Skip to main content
Skip to navigation

This site is archival. Please visit the current MIZZOU magazine site for up-to-date content.

Around the Columns

Six heads are better than one

cornell

Accounting students primarily attend classes, such as the team-taught Acct 8401: Contemporary Issues in Professional Accounting, Audit & Tax Practice, in Cornell Hall on Carnahan Quadrangle.

Masters-level college students have ample experience learning from one professor at the head of a class … but seven? The School of Accountancy has implemented a new model in Acct 8401: Contemporary Issues in Professional Accounting, Audit & Tax Practice by having seven alumni team-teach the course with a MU professor.

“You pick up the newspapers now and read about a variety of issues — fraud, impaired assets, tax issues, budget crises in higher education, and auditing and accounting firms who have clients facing challenges,” says Vairam Arunachalam, director of the School of Accountancy. “This type of course taught by successful alumni dealing with these issues provides students with a practical perspective that complements their studies very well.”

Each instructor teaches two Thursday night classes and delivers information relevant to their experience, including:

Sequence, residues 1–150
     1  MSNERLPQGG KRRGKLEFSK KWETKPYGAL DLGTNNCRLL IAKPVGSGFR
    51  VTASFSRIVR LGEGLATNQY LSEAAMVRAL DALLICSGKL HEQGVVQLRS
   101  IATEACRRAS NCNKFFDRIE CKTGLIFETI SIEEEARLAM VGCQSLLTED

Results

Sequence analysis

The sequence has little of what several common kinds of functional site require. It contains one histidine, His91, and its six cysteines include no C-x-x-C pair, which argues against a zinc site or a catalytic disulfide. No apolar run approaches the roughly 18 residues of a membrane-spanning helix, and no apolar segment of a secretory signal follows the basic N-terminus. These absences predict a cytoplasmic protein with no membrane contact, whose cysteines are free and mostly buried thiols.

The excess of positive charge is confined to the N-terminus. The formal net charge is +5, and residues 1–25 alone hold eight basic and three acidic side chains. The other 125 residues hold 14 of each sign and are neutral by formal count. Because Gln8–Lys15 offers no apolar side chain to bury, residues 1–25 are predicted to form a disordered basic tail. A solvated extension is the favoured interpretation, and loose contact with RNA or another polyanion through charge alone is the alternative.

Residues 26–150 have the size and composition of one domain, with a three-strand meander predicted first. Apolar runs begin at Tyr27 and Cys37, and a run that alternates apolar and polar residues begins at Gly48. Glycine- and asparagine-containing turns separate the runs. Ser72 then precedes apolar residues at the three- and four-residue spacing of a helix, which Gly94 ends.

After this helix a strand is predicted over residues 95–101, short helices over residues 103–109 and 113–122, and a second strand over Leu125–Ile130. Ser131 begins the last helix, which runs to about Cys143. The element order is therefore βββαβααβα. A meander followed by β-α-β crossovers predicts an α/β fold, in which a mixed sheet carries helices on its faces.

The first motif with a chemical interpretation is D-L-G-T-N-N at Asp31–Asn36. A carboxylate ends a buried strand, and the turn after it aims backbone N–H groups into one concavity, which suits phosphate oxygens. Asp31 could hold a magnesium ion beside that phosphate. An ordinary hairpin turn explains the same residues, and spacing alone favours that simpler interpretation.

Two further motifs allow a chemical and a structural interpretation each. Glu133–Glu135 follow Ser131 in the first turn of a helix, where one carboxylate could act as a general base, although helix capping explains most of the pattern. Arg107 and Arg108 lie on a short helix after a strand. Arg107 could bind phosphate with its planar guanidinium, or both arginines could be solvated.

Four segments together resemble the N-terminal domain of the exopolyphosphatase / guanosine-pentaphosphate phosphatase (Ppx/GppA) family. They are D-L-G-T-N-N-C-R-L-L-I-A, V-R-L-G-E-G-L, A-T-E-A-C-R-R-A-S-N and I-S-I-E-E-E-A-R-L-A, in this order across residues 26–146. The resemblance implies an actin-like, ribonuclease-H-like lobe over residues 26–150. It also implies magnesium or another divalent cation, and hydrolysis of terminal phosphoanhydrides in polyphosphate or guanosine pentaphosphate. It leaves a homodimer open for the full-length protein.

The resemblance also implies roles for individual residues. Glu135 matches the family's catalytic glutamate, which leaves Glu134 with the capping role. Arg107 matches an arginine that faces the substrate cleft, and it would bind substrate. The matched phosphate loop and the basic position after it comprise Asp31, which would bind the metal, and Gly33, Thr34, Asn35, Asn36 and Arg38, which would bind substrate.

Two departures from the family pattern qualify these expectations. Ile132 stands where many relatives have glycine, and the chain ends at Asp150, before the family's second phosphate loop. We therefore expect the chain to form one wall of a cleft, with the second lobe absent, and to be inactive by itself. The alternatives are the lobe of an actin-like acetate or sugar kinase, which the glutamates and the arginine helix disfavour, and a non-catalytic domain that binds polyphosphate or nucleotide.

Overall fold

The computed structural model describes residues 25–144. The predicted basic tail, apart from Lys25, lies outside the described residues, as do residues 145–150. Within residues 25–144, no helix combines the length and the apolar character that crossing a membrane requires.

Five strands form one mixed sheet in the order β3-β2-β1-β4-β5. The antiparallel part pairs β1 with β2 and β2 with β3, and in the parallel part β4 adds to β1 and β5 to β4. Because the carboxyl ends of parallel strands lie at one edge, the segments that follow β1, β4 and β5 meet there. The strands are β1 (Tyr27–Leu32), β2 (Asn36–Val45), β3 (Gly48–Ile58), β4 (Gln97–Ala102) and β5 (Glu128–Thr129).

• Ethics by Jim Morris, BS BA ’76, Mike Ensz and Kyri Gorges of KPMG in Kansas City, Mo.
  • Impairment and goodwill by Brett Lewis, BS Acc ’84, Matt Heimsoth and Nate Vander Hamm of Grant Thornton LLP in Kansas City, Mo.
  • Budgeting and reporting issues in higher education by Nikki Krawitz, MS ’82, of the University of Missouri System
  • Forensic accounting by Arunachalam
  • Mergers and acquisitions by Scott Picker, BS BA ’82, and Danielle Dodge of Deloitte in Kansas City, Mo.
  • Estate tax and family wealth planning by Dave Myers, BS Acc ’84, of The Whitlock Co. in Springfield, Mo.
  • Accounting for uncertainty in income taxes by Dan Powers and Vicky Whitney of Grant Thornton


The new teaching model saves the school money, as all of the instructors are volunteers.

“This is a win-win situation for the school, the students and the alumni,” Arunachalam says. “It provides us with a richer set of course offerings for our students, and gives alumni the opportunity to give back and interact with students.”